An Excerpt from the Book:
“The most important thing – and the most difficult –
is to live a life with intention: to find our true authentic self”
Along with a group of Polish – American immigrants, Michael Burdzy founded Pulaski Bank in 1922. The bank focused on serving the financial needs of the Polish community who found it difficult to obtain loans. Bill joined the bank in 1992, becoming the 3rd generation in his family to run the bank. Over his twelve-year tenure, Pulaski grew eight-fold, from a privately-held “Thrift Bank” to a publicly-traded bank with assets of $1.4 billion. He is very active in the local St. Louis Community, serving on multiple boards and initiatives. The second edition of his book, “Thought Revolution,” released by Simon and Schuster in August 2014, is on the New York Times Best Seller List.
If you are lucky, there are those rare times in your life when your own unique talents and abilities align with a company’s interests. This happened for me when I returned to be with my family at Pulaski. My arrival dovetailed with what the company needed in its evolution, and the broader evolution of the banking industy in St. Louis.
I spent the previous fourteen years in California, working in multiple industries (television, management consulting sales and marketing). Those experiences gave me a range of expertise that I was able to draw upon as I stepped into my role at the bank. Had I worked for Pulaski straight out of college, both the bank’s success and my own personal success would have been compromised.
Going into the family business is not as easy as you might think: certainly, these are opportunities not everyone is given, but I also felt a higher burden to perform: I was keenly aware of my family’s 70-year legacy that was integral with the bank, and did not want to fail.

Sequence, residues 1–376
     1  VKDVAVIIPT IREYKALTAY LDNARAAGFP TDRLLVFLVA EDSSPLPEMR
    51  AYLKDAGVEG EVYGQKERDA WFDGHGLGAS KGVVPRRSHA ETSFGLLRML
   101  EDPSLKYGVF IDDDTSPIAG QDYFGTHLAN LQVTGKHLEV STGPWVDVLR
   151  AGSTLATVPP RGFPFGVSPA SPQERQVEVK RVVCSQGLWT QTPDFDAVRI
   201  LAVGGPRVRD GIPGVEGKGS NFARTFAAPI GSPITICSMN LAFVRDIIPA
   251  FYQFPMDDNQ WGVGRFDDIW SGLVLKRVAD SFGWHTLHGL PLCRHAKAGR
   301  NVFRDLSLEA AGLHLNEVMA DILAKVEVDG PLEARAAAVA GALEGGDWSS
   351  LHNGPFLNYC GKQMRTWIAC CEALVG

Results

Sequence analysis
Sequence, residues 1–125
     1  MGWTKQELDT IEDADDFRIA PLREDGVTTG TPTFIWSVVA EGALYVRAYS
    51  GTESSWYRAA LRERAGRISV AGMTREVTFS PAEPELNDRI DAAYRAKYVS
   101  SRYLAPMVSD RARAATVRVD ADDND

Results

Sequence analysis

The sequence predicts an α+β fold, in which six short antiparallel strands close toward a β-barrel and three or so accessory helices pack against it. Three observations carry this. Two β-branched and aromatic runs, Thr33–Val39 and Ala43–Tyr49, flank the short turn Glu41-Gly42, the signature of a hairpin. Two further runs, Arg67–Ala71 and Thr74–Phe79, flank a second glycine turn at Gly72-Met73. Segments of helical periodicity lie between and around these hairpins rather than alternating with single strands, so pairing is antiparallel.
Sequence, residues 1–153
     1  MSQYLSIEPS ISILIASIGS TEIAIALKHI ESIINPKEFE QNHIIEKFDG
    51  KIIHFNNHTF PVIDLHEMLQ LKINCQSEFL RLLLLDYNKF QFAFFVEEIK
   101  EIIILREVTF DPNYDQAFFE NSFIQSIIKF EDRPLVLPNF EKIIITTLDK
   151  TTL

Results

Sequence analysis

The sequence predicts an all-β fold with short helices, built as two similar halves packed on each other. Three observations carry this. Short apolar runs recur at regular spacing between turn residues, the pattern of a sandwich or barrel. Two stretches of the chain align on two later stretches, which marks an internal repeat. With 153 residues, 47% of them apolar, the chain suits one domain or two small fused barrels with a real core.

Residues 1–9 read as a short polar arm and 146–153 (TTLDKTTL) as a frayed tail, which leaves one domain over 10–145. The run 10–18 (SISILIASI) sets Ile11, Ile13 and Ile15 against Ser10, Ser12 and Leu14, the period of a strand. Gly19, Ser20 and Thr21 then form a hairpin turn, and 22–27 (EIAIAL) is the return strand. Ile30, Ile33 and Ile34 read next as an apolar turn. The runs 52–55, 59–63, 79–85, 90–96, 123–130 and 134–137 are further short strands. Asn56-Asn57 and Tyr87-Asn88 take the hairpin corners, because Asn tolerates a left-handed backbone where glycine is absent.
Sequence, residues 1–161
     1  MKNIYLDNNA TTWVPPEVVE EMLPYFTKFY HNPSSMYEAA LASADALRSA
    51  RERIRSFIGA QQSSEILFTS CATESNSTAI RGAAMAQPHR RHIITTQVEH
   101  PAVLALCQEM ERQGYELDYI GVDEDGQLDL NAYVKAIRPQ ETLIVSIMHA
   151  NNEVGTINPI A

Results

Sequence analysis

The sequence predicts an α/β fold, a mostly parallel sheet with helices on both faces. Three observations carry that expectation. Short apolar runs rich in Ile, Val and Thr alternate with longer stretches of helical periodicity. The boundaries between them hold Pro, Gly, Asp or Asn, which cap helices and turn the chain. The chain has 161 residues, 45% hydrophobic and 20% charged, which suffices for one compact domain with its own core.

In the 1990’s, the conventional wisdom was that St. Louis was overbanked: counting all of the brokers, thrifts, commercial banks, and so on, it was a crowded space with more than 500 competitors. Pulaski had carved a successful niche in the communities we were serving, with four well-established locations; we were stable and well capitalized, with a track record of customers going back generations. We had to make a decision to sustain what we had with smaller incremental growth, or to be more ambitious, and thereby compete with the bigger players. This would necessitate an IPO to raise capital, and all of the associated risks that comes along with it.
In 1998, Pulaski Financial Corporation chose to go public and raised $30 million in the process. Although banking processes were tightly regulated, the holding company had much greater flexibility in how much risk we could take: we could have invested in everything from Dairy Queens to environmentally sustained forests in Vermont. It was at the discretion of the board.
What would have made us a fortune in the short term, but would have cost us the company in the long term, was the opportunity to originate subprime loans. Ten years before the housing bubble burst, we had multiple opportunities to partner with or acquire subprime lenders, where the profitability on each closing was ten times higher than a conventional mortgage. It was clear that the debt was leveraged against a set of assumptions – that housing values would indefinitely increase – which went against our understanding of the mechanics of the marketplace – and so we passed on these opportunities. In 2008, when the music stopped, I felt validated: many of those who had been seduced by the double-digit returns of the sub prime lending business collapsed, as this asset class lost 90% of its value in a very short time frame.
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